I See Long E!
Young learners practice reading and writing words that make the long e sound in this lesson plan I See Long E! Designed with first graders in mind, this lesson teaches children to recognize the various letter combinations that lend themselves to the long e sound: -ee, -ea, and -y. Through word sorts, word searches, and other word family activities, young readers will have plenty of opportunities to practice the letter-sound relationships that will help them differentiate between long and short E when they encounter them in their reading.
Students will be able to recognize different word families that include long E words. Students will be able to read and recognize words with the long E spellings of -ee, -ea, and -y.
- Explain that words with a long E sound like the letter name.
- Invite students to begin brainstorming words that have the long E sound.
- Write the words on the chart paper in list form as the students say them.
- Add your own words to the list so that there are samples of three long E spellings: -ee, -ea, and -y.
- Tell the students that they will be finding words with different spellings of long E.
Explicit Instruction/Teacher modeling(5 minutes)
- Using the list of words that your students just generated, tell them that you will now be looking for the long E spellings inside of the long E words.
- Model the process of finding the long E spelling inside each word.
- Using a marker or crayon, underline or draw a circle around the spelling (-ee, -ea, or -y) inside of each word.
Guided Practice(5 minutes)
- To help students further differentiate between long E spellings, have them participate in an activity to sort words.
- Distribute word sort cards among students so that each student or pair of students gets a word.
- Display the Long Vowel E worksheet, and then ask them to look for the place where their word fits.
- As they show the word, write the word in the correct column, either using an interactive whiteboard or using a hard copy of the PDF file.
Independent working time(10 minutes)
- Distribute the Word Search E worksheet.
- Direct students to look for any long E words that they can find and circle them.
- Model the process by displaying the worksheet on an interactive whiteboard and circling the first word.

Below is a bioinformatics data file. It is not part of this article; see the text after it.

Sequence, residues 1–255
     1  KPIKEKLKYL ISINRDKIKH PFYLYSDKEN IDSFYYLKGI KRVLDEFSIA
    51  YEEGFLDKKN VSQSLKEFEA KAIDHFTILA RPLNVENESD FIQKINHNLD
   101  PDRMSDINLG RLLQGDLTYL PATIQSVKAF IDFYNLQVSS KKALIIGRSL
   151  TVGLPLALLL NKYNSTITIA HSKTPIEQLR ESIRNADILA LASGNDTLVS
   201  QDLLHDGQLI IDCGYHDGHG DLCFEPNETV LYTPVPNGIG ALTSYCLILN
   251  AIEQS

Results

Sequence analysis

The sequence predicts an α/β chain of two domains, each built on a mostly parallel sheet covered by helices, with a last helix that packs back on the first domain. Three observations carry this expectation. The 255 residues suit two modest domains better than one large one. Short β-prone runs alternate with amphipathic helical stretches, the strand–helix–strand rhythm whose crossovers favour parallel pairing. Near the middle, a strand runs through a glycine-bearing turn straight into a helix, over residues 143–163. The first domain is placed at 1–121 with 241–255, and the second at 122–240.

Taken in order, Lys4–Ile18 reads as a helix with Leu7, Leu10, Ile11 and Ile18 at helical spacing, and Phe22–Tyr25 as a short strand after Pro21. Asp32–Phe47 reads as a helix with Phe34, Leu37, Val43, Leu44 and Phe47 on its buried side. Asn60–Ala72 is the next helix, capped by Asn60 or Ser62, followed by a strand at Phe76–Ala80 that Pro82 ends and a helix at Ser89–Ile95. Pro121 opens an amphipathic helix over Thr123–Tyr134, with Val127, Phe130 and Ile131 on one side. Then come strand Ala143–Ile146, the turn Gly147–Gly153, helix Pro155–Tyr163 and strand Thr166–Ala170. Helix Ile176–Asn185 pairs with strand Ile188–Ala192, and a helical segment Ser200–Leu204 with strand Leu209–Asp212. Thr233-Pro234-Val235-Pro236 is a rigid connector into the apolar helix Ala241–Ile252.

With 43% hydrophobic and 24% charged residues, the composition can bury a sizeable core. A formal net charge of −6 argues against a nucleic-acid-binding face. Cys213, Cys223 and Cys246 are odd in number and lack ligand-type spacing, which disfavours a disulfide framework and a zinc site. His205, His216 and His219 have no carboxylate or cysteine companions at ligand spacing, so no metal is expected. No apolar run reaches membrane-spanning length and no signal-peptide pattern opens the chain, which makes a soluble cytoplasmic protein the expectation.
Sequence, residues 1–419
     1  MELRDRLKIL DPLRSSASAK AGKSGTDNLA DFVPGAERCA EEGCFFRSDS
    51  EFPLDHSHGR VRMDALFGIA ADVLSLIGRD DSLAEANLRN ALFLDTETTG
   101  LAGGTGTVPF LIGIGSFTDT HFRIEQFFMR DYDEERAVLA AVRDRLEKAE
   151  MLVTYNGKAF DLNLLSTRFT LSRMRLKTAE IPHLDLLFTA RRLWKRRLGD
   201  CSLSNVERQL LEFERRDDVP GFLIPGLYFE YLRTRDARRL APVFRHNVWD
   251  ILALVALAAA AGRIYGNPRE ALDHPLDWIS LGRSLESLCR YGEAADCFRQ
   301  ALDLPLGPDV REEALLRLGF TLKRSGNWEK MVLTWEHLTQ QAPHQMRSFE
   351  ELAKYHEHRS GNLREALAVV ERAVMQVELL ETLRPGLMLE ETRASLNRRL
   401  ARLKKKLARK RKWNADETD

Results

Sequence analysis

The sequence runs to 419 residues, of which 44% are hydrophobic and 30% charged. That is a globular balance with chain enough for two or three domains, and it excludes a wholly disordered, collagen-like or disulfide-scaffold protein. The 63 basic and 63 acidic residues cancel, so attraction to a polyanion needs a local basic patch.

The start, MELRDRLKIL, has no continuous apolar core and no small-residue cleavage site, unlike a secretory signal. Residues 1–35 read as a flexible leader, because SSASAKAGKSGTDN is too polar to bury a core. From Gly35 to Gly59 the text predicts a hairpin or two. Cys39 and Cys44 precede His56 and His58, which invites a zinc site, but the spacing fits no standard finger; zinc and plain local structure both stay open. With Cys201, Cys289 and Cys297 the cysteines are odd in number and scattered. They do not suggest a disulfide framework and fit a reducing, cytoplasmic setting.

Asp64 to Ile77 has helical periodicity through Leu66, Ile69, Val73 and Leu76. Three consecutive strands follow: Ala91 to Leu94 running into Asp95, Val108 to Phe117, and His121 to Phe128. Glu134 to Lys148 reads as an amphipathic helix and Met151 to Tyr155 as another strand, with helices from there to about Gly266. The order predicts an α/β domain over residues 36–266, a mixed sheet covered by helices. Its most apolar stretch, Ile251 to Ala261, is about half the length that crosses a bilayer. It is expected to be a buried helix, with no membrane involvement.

- For students who struggle, show them the first letter or two letters of a word, and have them then find or circle the word.
- Enrichment: Give each student a blank word search grid. Challenge your students to create their own word finds with long E words and trade with a partner.
- Support: Modify the Word Search E worksheet by underlining the first letter of each word so that students can find the word more easily. Underline the long E spellings to prompt the students or simply have the students color-code the long E spellings. For example, the letters “ea” in a word could be written in red, while the remainder of the letters are blue. Have the students complete the -eep worksheet if they struggle with the comprehension component of some -ee words.
- Have the students use digital products to create their own flashcards or word search digitally, using either a tablet or a publishing program.
- Ask your students to go on a long E scavenger hunt around the classroom and take pictures of words that contain long E.
- Using flash cards from the guided practice part of the lesson, have students point to 3 different words: one word that has -ee, one words that has -ea, and one word that has -y. Have the students read the three words.
- Alternatively, show several cards again to the entire class, having them identify the spelling patterns.
Review and closing(5 minutes)
- Display the Long E Sound worksheet, or print it off and display it in the front of the room.
- Invite students to say the words and find the long E picture.
- Once the students have found the long E picture, invite them to spell the word with you as you write the word on a dry erase board.